7. 3 easy questions to determine if you’re sleep deprived: Do you wake up without an alarm? Could you fall asleep by 11am? Could you function at a high level without caffeine?
  8. Caffeine has a longer half life than most people realize: a cup at lunch could still be affecting you by bedtime so that you don’t get as deep of a sleep as you otherwise would
  9. Sleep is Mother Nature’s best attempt at contra-death
  10. There is no replacement for proper sleep – not caffeine, not willpower, not brief naps, nothing
  11. Sleep is a unifying feature of the animal kingdom found across all birds and mammals although the time and specifics change quite dramatically
  12. The author argues that REM sleep is one of the most important things that has shaped us evolutionarily and helps us with our complex socio-cultural and emotional signals that we have to deal with as being part of a complex society.  And, equally as important, REM sleep seems to help with creativity and these two factors help to humans get on top of the world hierarchy extremely quickly
  13. Sleep not only helps consolidate memories but also helps incorporate skills such as music, sports, movement, and other things. Pianists often find that after practicing for a day that they can wake up the next morning play the new tune perfectly
  14. 10 consecutive days of seven hours of sleep impairs you as much as going a full day without sleep
  15. The brain cannot accurately assess how sleep deprived it is when it is sleep deprived
  16. REM sleep and dreaming are necessary for emotional healing to take place after difficult or traumatic events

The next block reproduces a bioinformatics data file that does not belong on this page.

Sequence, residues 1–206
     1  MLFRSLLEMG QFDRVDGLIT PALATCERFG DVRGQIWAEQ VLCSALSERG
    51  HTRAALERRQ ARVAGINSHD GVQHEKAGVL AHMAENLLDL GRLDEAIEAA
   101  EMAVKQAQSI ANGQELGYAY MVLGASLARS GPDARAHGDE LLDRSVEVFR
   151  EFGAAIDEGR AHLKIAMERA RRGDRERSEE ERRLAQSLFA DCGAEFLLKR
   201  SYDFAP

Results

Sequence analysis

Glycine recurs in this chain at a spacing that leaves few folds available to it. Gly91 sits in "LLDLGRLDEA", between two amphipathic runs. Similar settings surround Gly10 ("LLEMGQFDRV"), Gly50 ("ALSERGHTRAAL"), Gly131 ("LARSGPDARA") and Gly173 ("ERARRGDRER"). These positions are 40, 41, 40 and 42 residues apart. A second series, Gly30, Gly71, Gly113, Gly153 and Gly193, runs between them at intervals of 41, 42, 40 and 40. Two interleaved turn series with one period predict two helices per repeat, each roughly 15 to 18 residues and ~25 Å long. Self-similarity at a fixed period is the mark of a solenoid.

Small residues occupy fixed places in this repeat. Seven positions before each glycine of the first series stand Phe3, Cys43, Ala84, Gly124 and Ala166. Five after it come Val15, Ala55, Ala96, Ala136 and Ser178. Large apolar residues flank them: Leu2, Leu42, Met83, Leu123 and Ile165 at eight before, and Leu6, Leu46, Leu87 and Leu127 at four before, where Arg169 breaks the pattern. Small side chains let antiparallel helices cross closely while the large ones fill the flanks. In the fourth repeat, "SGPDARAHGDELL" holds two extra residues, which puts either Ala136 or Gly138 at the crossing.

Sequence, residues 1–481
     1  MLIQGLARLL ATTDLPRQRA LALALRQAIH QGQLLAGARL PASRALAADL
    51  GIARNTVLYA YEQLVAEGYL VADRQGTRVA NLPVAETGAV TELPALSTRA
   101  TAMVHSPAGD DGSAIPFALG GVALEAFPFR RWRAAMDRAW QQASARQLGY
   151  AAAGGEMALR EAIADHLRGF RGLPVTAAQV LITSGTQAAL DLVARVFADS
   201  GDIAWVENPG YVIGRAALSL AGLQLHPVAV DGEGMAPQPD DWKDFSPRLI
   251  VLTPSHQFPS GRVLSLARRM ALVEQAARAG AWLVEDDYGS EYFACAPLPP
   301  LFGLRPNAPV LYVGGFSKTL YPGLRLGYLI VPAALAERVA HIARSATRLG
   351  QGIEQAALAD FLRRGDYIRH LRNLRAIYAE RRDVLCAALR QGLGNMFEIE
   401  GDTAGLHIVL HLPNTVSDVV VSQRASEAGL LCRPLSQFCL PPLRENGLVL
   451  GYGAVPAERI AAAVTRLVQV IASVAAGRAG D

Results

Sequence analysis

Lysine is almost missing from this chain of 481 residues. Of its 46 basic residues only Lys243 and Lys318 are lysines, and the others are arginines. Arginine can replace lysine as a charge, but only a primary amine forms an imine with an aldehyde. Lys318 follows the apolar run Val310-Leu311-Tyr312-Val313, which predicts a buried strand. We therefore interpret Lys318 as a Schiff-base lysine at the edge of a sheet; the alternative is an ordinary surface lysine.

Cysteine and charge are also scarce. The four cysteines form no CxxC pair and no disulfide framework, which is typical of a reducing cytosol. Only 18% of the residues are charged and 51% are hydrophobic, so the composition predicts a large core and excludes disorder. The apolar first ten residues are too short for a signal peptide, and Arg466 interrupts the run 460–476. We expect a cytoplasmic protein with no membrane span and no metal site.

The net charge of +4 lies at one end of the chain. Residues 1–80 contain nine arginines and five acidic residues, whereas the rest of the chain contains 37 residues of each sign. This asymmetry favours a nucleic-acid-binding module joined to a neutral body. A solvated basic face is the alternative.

17. When lacking sleep, we revert to a more primordial reactive state where we don’t consider the broad picture, the true context, or the people we are dealing with and it is partially responsible for when you just “snap”
  18. Lack of dreaming distorts your ability to recognize faces and facial patterns confusing friendly gestures for menacing ones and making you more jumpy and aggressive
  19. Dreaming helps you problem solve and become more creative and some people have tried to control this aspect through lucid dreaming to help them in their work, lives, or business (and sometimes successfully so!).
  20. It is sleep and dreaming which helps you connect disparately connected facts, it is the difference between knowledge and wisdom
  21. Snooze buttons are terrible for our health as they jolt us out of sleep not once like an alarm does but several different times
  22. Teenagers’ circadian rhythm‘s are shifted later in the day and there has been great success with schools who experimented with later start times. Teenagers starting at 8 AM would be similar to most adults having to get up and get ready at around 3 AM. There are many pragmatic reasons why this is difficult to do but the it has shown that by shifting start times later there is a 70% reduction in teen traffic mortality rates.
  23. Another side-effect of lacking sleep may be ADHD. Young kids who are sleep deprived show many similar symptoms which are associated with ADHD and may be part of the reason why this diagnosis has become so much more common in modern times. Many students aren’t actually hyper active but merely lacking sleep
  24. For businesses he recommends setting up some sort of incentive system to get people to sleep more. He recommends using a sleep credit system where total hours of sleep and sleep continuity are measured in the rewards are either financial or extra time off and vacations
What I got out of it
  1. Incredible data backing up and reinforcing how important sleep is. The 12 sleep tips alone made this worthwhile